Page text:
“Emma, I’ll do the room sweep.’ Lily says. Our bags are packed. Rooms are checked. Goodbuy Holiday Inn Krakow!
The taxi guy at the stand says ‘Meter’ in a deep accent but I wave him off. He suggest 200 PLN, which is $50 and I accept with no further negotiation. We’re on a half day trip to the oldest salt mine in Europe.
The Wielicaka Salt mine has been in continuous operation since the 13th century, and was a source of salt for hundreds of thousands of years for those that were willing to evaporate it’s waters. They stopped mining only about 20 years ago as it ceased to be profitable. It was operated by many occupying countries including the Soviet and German.
I’ve been warned that this was touristy, so my hopes are low. Lily wants another Lody – ice cream cone which we eat as we wait for the English tour that goes every thirty minutes. Our guide tries to make jokes but even she knows they aren’t very good. Lily starts to sing ‘It’s a small world’ and indeed, you’d be reminded of older Disney exhibits except everything is made of salt. People laugh.
The salt itself is grey and mixed into the rock. It is cool to be walking on salt-rock. The rooms are huge and impressive in places. But there are goofy ones too like the Snow white and the seven dwarfs with Eight dwarfs and no Snow White. The guide says dryly ‘She’s at home cooking dinner and making babies.’
We get rowdier. Later Lily adds to our bad reputation by opening a bottle of soda water too quickly and spraying herself and the salt floor with water.
And with a grand speech, the tour guide points to the exit which dumps us into….you guessed it. A gift shop. Bath salt? Salt figurines? Salt shaker? We race out. Drive to the airport and fly to Gdansk. We have been to a few museums that were worse, but not many. Dr. Ragabs in Cairo and the Snake Farm ‘Museum’ in Bangkok are worse. But this might be #3.
Hotel Liberum has a good breakfast for a small hotel – I eat open face fresh dark rye bread with that ubiquitous northern European yellow breakfast cheese, tomato and cucumber. It’s situated on Dlugi street which is a pedestrian mall with Gold gate at one end and Green gate at the other. In bewteen is the famous Neptune fountain, for Gdansk’s special relationship to the sea. It’s been Poland’s primary seaport for centuries.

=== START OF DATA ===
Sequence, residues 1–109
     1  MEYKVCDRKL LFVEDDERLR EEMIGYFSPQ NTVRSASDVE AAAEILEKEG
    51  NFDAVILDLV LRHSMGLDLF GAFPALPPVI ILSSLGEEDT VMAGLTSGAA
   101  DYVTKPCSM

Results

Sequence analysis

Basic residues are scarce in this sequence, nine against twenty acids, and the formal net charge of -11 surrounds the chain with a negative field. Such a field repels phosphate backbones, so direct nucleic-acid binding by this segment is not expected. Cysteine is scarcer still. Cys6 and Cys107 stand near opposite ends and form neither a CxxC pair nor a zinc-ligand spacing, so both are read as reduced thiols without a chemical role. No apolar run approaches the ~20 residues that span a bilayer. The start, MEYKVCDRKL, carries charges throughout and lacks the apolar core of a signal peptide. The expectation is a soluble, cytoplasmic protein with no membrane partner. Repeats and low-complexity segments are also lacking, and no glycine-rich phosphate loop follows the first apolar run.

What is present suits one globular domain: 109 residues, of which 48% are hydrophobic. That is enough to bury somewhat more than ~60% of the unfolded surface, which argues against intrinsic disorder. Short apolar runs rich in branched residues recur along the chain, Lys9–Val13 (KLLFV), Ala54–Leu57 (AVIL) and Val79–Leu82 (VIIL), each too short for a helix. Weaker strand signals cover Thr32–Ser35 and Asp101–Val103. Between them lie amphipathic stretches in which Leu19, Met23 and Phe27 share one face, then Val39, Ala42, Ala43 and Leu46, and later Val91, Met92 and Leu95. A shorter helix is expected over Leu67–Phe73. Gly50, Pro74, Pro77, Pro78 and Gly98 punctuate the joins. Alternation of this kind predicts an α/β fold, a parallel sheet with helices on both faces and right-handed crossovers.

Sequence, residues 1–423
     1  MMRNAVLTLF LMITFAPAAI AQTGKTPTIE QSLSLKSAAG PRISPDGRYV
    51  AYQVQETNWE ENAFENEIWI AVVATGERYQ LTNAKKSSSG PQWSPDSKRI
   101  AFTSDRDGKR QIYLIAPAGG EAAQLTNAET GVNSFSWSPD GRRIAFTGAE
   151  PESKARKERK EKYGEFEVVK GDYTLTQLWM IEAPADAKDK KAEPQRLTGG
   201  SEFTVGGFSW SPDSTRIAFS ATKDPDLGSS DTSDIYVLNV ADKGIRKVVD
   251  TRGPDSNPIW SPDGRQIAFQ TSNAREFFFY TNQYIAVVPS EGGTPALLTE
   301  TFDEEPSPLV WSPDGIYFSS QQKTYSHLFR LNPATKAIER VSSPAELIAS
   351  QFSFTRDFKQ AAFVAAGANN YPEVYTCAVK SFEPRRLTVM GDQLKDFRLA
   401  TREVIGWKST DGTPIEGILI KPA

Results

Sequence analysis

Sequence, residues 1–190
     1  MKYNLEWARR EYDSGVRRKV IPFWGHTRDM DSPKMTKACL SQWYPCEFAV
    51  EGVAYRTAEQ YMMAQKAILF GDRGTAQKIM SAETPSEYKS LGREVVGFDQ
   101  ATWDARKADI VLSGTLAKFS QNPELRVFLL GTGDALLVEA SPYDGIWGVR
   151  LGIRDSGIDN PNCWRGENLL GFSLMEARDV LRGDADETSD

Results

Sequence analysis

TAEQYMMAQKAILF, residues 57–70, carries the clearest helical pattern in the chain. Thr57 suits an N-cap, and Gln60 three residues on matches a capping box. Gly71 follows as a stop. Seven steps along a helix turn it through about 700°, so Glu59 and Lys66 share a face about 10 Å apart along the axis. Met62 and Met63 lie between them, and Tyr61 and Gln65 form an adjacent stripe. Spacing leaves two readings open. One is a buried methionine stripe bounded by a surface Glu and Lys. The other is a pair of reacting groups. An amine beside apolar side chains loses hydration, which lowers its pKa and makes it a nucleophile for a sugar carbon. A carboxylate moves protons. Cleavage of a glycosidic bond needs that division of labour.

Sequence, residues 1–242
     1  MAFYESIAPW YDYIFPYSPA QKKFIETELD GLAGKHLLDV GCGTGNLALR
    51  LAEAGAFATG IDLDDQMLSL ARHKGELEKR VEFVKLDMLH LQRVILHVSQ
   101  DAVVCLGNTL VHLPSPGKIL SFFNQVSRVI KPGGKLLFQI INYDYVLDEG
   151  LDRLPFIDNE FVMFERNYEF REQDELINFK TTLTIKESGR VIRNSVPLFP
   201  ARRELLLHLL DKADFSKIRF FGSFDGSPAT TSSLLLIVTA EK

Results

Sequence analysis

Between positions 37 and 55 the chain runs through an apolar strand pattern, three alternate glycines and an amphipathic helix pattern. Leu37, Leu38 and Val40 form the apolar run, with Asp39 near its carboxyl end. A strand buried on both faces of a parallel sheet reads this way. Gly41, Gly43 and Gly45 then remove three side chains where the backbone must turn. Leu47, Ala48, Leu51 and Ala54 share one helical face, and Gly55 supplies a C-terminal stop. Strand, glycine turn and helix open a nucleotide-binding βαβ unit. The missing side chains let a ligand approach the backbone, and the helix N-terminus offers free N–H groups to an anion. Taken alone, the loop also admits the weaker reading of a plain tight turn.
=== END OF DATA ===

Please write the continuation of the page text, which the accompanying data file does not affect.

It starts to rain and it’s quite cold. I make a decision to do the two museums today instead of Malbork Castle, which we will do tomorrow. It’s seaside weather and the rain comes and goes.
By the time we arrive at the European Solidarity Center it’s sunny again (but still cold.) There do not appear to be many people here and it looks more like a conference center.
We couldn’t be more wrong. Well, it does look like a conference center. But it hosts an amazing museum about the Polish resistance movement under Communism with emphasis on the Solidarity movement of the 80s. They have a large library and appear to host conferences too, so it’s designed as a multi-use museum which is good. It’s too bad that they named it that way, I almost overlooked it. Polish Resistance Museum and Solidarity Center or something like that would be better.
Luckily we didn’t. I remember the early Solidarity movement and repression vaguely at age 11, and the later developments as the Soviet Bloc fell apart better. But I had always focused on Russia so I’m genuinely excited to close that gap in knowledge. I knew I’d like the museum. However I figured I’d have to explain the historical context and give some personal connection with it to keep the girls interested.
Again, I couldn’t be more wrong. This museum is so well developed and designed that they were riveted – particularly older Emma but Lily too. There is a wonderful flow to the museum in and out of detail, from the big strike in 1980 to the historical precedents to the repression and finally the collapse of the communist state. It’s utterly well done and we spend 2 solid hours learning about 15 years of Polish history.
Of course it’s more than just Polish history – it’s part of the history of Soviet and Eastern European Communism and and a major tipping point for the disintegration of the ‘Dictatorship of the Proletariat’ There is a lot of technology including a touch screen table with documents that works like a proto-scifi interface where you can sweep documents in and out with your hand. Lily loves that.
It’s also just beautiful. There is art in every display. Beauty is something history museums are often not good at even when they are good. The iron gates of the shipyard that the military rammed through are placed like sculpture in the middle of the room.
One room’s exhibit walls are carved to read “Solidarnosc’ which you only notice if you look at the mirrored ceiling. (Lily noticed this.)